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Welcome to NACIS 2015 in Minneapolis! This is the annual meeting of the North American Cartographic Information Society (NACIS). The theme for this year’s meeting is Mapping Interactions. See the schedule below and go to the NACIS website for more details.

The North American Cartographic Information Society, founded in 1980, is an organization comprised of specialists from private, academic, and government organizations whose common interest lies in facilitating communication in the map information community.

For those of you who were unable to attend the conference, or who couldn’t clone themselves to be at multiple talks at once, many slides are linked in the session descriptions below. Twin Cities local Kitty Hurley also put together this fantastic document summarizing much of what she saw at the meeting, so if slide decks aren’t linked, check out her notes.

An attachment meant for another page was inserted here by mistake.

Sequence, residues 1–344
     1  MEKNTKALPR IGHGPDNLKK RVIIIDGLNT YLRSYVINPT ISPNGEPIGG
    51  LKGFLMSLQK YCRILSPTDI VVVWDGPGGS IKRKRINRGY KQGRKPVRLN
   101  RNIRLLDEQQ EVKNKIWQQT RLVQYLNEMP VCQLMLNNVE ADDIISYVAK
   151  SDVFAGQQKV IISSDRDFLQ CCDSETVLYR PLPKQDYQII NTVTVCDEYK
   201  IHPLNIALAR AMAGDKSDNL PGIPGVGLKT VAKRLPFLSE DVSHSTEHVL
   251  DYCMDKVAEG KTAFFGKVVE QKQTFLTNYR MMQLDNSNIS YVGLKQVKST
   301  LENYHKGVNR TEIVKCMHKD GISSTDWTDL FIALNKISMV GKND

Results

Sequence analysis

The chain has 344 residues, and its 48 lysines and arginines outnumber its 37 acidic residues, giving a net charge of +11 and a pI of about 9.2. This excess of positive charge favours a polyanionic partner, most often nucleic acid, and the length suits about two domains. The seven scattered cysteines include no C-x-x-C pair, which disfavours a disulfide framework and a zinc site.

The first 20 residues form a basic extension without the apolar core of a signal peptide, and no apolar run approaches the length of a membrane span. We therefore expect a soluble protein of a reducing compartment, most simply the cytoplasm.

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Thursday, October 15 • 10:30am - 12:00pm
Web Mapping in Education

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Open Web Mapping Technologies: How do we Teach this Stuff?
Carl Sack, University of Wisconsin-Madison
First there were paper maps made with drafting equipment. Then there were digital maps made with ArcGIS, Illustrator, Photoshop, and Flash. Now we are making maps designed for the Web using open-source standards and technologies. In this rapidly changing tool ecosystem, Cartography instructors need to teach not only today’s tools, but the skills needed to adapt to tomorrow’s. At UW-Madison, we have developed a web mapping laboratory curriculum based on scaffolded instruction, wherein students’ current understanding is assessed, they are given authentic learning experiences and support needed to move beyond their current skill set, and finally required to apply their skills to real-world collaboration. During the fall of 2014, we conducted student surveys and observation logging to evaluate the successes, challenges, and stress points in the curriculum. This presentation will discuss our pedagogy, its outcomes thus far, and how we will apply what we have learned to the next iteration.

How to Teach an Old(ish) Cartography Professor New Tricks: from Advanced Cartography to Spatial Data Viz
Sally Hermansen, University of British Columbia